In the end, the judges’ panel gave top pork prize to the Art Institute while their favorite of the open contest from the rest of the chefs on hand went to the team from the Corpus Christi area, which included Paul Morales, Audie Morris and David Graham. (This was a second win for Morales, who was part of the award-winning pork team from last year, also the Art Institute.) The people’s choice award went to the team from the Texas Cooks Co-op. (The judges’ panel included celebrity chef John Besh as well as local chefs Steven McHugh, Michael Sohocki, David Gilbert and John Russ among others.)

But the real winners were those who got to sample these local foods, whether it was the pork at center stage, the goat, the chicken or the quail. All of it came from Texas, if not specifically from the region south of San Antonio where South Texas Heritage is located. It had to be prepared on site, but it also had to be humanely raised, which also means healthier for those eating the food.

Pig Heart Jerky

Brian West of the CIA bastes a fresh ham.

Brian West of the CIA bastes a fresh ham.

1 pig heart
3 1/2 ounces soy sauce
1 teaspoon liquid smoke
1 teaspoon granulated garlic
1 1/2 tablespoons Worcestershire sauce
1/2 teaspoon granulated onion
1 teaspoon freshly ground black pepper
1 teaspoon red chile flakes6 ounces crushed black peppercorns or red chile flakes (optional)

Pat dry the heart and remove all fat and veins from the heart. Cut into thin slices, approximately 1/4 inch thick. Mix soy sauce, liquid smoke, granulated garlic, Worcestershire sauce, granulated onion, 1 teaspoon black pepper and 1 teaspoon red chile flakes together in a zip-lock bag. Add the heart slices and marinate for 24 hours. Flip the bag over every 5 hours or so to get even distribution of the marinade.

Remove the heart slices from the marinade and pat extremely dry. If you want a more peppered jerky, roll the slices in crush black peppercorns or red chile pepper flakes.

Lay out the pieces in an even layer on a food dehydrator. The slices are done when they shrunken 30 percent to 40 percent and are dry but pliable.

From the Art Institute of San Antonio


A member of the Art Institute's team prepares to serve the judges.

A member of the Art Institute’s team prepares to serve the judges.

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2012 Was a Year of Eating Well

The Pearl has become a food lover’s center for festivals as well as restaurants.

Bliss is aptly named.

As we approach the end of 2012, it’s time to look back on the many great flavors that we sampled. The list is lengthy, thanks to a decided upturn in culinary offerings across the city, both on the dining scene and for the food lover in general.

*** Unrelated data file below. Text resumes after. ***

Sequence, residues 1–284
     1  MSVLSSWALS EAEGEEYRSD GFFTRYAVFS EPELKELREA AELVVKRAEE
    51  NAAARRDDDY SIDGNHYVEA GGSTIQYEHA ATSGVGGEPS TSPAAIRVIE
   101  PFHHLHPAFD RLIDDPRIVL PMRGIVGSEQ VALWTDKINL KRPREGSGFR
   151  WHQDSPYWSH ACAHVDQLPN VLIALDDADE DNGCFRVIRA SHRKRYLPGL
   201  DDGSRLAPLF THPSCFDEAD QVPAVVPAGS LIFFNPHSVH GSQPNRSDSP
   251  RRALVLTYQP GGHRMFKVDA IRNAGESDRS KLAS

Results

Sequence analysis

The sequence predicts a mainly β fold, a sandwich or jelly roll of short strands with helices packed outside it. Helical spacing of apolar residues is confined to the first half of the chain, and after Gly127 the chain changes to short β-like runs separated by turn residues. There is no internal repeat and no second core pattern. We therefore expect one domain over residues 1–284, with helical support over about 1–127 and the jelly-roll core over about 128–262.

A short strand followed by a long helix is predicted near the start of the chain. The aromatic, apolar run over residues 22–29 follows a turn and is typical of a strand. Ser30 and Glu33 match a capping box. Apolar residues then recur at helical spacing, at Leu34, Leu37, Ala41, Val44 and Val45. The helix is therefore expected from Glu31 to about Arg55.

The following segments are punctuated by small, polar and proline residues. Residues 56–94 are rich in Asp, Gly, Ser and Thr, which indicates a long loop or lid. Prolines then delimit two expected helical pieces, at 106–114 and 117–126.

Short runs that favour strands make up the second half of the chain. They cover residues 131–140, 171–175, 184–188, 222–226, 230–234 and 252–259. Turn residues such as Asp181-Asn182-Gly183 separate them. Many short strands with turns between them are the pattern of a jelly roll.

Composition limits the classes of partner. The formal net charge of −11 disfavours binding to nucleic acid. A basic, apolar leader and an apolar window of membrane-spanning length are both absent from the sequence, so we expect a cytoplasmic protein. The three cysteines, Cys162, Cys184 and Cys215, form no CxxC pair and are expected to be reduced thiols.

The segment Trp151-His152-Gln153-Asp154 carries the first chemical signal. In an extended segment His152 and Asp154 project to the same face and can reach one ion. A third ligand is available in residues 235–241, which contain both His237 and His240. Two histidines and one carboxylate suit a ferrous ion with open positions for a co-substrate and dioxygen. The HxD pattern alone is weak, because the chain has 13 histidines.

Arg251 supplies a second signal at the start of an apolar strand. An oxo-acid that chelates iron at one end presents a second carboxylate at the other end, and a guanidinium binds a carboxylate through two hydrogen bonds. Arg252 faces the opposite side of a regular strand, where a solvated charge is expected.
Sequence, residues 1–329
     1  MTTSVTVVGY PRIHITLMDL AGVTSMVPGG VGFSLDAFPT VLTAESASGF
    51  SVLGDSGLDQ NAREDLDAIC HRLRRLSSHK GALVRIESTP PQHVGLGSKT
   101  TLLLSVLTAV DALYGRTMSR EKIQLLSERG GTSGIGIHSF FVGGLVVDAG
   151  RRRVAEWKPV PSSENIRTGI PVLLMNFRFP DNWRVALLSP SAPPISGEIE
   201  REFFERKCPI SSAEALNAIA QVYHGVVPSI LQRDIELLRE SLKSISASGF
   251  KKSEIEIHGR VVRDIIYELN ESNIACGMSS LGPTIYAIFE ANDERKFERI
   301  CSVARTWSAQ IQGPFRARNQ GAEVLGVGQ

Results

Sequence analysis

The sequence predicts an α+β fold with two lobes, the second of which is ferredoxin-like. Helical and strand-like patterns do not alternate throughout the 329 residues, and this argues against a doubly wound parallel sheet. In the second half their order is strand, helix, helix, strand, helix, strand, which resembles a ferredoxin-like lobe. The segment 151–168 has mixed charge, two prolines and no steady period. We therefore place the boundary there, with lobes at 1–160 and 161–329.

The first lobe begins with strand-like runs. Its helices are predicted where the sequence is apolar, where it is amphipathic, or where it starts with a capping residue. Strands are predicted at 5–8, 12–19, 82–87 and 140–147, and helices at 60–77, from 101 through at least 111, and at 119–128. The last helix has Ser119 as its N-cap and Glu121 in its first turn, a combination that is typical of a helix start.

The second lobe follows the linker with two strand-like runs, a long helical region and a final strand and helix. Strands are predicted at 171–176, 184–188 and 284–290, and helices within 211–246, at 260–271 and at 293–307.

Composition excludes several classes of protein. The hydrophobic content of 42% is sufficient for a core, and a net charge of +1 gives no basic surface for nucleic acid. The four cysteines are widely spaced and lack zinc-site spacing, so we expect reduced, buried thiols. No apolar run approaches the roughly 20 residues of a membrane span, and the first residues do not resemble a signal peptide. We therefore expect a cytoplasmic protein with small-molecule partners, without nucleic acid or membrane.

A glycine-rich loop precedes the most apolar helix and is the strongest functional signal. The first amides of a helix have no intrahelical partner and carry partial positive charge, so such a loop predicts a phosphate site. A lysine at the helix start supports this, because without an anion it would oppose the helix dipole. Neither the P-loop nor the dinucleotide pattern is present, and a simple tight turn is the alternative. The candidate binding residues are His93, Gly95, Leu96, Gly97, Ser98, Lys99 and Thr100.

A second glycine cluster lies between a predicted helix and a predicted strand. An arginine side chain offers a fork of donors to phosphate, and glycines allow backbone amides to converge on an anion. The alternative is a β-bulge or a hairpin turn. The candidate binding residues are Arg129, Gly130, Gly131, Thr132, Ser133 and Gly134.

One of the biggest food stories of the year was the continued growth of the Pearl Brewery, which saw the opening of three praise-worthy eateries and a trendy bar. It also was the location of an increasing number of food festivals, meaning thousands from all over the city were showing up on a regular basis for cooking demonstrations at the Saturday farmers market, for paella, burgers and barbecue or tamales, and for the restaurants, all in the quest of good food.

A glimpse into the kitchen at the Granary.

The list of new restaurants includes the Granary ‘Cue and Brew, which restored beer making to the premises. Artisan barbecue, fine brews and an irresistible condiment known as ‘cue butter all made this a welcome addition. The Boiler House Texas Grill and Wine Garden delivers on the belief that quality grilled meat is prerequisite in the Lone Star State, and the massive setting, covering two stories, is epic enough to complement chef James Moore’s ranch-style fare.

The most intriguing addition, though, is NAO, the Culinary Institute of America’s full-service restaurant, which has provided San Antonio with its broadest and most authentic taste of South and Central American cuisines to date. These exciting flavors, from seafood stews and roasted meats to an inviting cocktail program, have somehow not been able to secure a foothold before in a city that values its Tex-Mex above all; yet in just a few months, NAO has developed a local following, and its client base should grow as word continues to get out to the rest of the country that the school has a campus and a destination restaurant here. When the visiting chef series returns, with culinary stars from countries as diverse as Brazil, Peru and Argentina, you’d be wise to make your reservations as soon as possible.

The CIA’s flagship restaurant in San Antonio.

NAO is also built on the concept of small plates, which has also not been widely popular in San Antonio. Yet Bite in the Southtown area and a revitalized Nosh on Austin Highway are joining in the effort to break that mold.